12. Who’s heading the opposition?
It’s not just one figure, but a coalition. The best known figure is Vitali Klitschko. He’s a former world champion boxer (just like his brother Wladimir). Klitschko heads the Ukrainian Democratic Alliance for Reforms party. But the opposition bloc goes well beyond Klitschko and the UDAR. There’s also Arseniy Yatsenyuk.
13. How did Yanukovych react?
In a way that inflamed passions further. He flew to Moscow, where he and Russian President Vladimir Putin announced Russia would buy $15 billion in Ukrainian debt and slash the price Kiev pays for its gas. And then, when the demonstrations showed no signs of dying down, he adopted a sweeping anti-protest law.
14. What did the anti-protest law say?
The law barred people from wearing helmets and masks to rallies and from setting up tents or sound equipment without prior police permission. This sparked concerns it could be used to put down demonstrations and deny people the right to free speech — and clashes soon escalated. The demonstrators took over City Hall for the better part of three months.
15. But wasn’t the law repealed?
Yes, ultimately it was. Amid intense pressure, deputies loyal to Yanukovych backtracked and overturned it. But by then, the protests had become about something much bigger: constitutional reform.
16. What change in the constitution did they want to see?
The protesters want to see a change in the government’s overall power structure. They feel that too much power rests with Yanukovych and not enough with parliament.
17. What did the government do?
In late January, the President offered a package of concessions under which Yatsenyuk, the opposition leader, would have become the prime minister and, under the President’s offer, been able to dismiss the government. He also offered Klitschko the post of deputy prime minister on humanitarian issues. He also agreed to a working group looking at changes to the constitution. But the opposition refused.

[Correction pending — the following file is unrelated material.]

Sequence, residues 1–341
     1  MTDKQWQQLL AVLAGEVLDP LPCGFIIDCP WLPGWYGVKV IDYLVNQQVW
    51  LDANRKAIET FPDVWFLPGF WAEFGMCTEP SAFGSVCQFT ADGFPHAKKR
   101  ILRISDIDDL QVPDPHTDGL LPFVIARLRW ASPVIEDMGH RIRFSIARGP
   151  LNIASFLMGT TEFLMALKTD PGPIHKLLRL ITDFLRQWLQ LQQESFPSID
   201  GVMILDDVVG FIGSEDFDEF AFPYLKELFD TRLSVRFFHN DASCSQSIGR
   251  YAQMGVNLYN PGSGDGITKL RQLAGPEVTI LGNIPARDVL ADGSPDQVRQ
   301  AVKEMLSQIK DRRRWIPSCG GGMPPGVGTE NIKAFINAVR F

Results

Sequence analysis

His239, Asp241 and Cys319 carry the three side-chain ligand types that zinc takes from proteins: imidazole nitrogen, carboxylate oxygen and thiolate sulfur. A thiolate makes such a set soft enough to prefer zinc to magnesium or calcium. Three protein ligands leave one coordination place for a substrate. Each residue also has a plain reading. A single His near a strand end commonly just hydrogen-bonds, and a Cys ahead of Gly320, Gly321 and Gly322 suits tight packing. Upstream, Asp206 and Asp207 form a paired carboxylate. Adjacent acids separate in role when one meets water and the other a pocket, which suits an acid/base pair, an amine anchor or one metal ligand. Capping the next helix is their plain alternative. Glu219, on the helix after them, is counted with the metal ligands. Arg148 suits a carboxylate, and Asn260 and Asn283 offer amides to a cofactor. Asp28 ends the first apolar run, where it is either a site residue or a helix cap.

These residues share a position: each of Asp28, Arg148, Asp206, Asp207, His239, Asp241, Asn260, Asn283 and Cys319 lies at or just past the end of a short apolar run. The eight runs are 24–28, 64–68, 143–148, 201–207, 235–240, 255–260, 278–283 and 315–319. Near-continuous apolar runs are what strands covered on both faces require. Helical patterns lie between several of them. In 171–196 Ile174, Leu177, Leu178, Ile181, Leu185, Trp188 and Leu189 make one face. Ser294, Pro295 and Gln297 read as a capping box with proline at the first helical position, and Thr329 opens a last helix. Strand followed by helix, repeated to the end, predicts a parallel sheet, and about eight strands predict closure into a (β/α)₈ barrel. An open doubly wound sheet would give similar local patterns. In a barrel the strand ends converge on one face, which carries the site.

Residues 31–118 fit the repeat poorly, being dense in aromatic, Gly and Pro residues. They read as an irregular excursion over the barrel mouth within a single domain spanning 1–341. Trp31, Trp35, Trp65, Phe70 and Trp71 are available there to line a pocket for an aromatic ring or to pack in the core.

18. Why did the opposition pass on the offer?
The concessions weren’t enough to satisfy them. They said Yanukovych had hardly loosened his grip on the government, nor had he seemingly reined in authorities’ approach to protesters. “We’re finishing what we started,” Yatsenyuk said.
19. Who was to blame for the clashes?
Depends on whom you ask. The government pointed the finger at protesters. The opposition, in turn, blamed the government.
20. What’s the takeaway here?
Street protests that started in November over a trade pact swelled into something much bigger — resulting in the former President fleeing to Russia for safety while still claiming to be the official leader of the country. With Russian troops rumored to be preparing for hostilities in the Crimea, the future of the region and the resulting effect on U.S.-Russian relations appears shaky.